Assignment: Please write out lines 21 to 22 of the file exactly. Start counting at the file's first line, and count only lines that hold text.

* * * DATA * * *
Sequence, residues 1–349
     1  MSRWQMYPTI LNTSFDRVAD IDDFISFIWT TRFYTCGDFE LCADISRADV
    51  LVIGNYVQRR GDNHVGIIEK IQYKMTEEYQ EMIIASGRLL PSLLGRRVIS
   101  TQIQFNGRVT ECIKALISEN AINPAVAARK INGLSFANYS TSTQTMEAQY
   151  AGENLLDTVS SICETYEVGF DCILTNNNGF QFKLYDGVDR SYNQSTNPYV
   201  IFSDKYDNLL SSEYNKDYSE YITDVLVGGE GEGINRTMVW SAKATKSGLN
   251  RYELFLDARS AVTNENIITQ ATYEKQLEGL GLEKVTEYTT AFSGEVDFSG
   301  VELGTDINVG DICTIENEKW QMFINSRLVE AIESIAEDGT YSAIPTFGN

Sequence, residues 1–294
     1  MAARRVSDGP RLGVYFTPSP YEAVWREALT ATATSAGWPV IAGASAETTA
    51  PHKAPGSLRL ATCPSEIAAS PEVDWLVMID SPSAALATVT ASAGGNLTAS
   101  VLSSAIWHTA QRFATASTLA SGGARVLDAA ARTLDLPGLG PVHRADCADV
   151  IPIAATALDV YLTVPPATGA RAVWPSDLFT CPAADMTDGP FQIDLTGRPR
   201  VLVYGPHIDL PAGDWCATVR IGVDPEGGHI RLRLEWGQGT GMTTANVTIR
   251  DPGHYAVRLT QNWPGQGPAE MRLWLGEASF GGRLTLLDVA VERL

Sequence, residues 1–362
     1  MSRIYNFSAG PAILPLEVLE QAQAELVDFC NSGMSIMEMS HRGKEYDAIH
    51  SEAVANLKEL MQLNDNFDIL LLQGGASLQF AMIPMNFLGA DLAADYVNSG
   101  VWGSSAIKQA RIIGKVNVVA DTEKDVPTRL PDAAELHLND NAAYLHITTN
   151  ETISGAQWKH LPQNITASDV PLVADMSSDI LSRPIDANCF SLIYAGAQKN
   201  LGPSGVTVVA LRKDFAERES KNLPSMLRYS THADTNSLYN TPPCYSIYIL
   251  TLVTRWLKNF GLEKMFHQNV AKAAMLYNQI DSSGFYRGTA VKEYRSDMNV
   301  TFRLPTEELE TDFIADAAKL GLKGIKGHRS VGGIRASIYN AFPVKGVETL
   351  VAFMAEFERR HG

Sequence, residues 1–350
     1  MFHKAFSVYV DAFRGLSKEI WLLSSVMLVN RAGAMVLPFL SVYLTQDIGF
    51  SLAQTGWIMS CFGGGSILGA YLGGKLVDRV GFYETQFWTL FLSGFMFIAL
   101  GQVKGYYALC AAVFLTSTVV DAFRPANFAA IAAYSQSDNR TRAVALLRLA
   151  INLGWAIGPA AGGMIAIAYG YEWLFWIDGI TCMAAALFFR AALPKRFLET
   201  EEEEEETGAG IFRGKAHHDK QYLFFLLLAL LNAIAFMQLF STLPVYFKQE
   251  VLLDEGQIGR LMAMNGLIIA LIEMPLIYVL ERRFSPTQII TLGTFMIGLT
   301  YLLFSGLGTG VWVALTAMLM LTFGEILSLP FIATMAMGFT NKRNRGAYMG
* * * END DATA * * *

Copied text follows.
   201  LGPSGVTVVA LRKDFAERES KNLPSMLRYS THADTNSLYN TPPCYSIYIL
   251  TLVTRWLKNF GLEKMFHQNV AKAAMLYNQI DSSGFYRGTA VKEYRSDMNV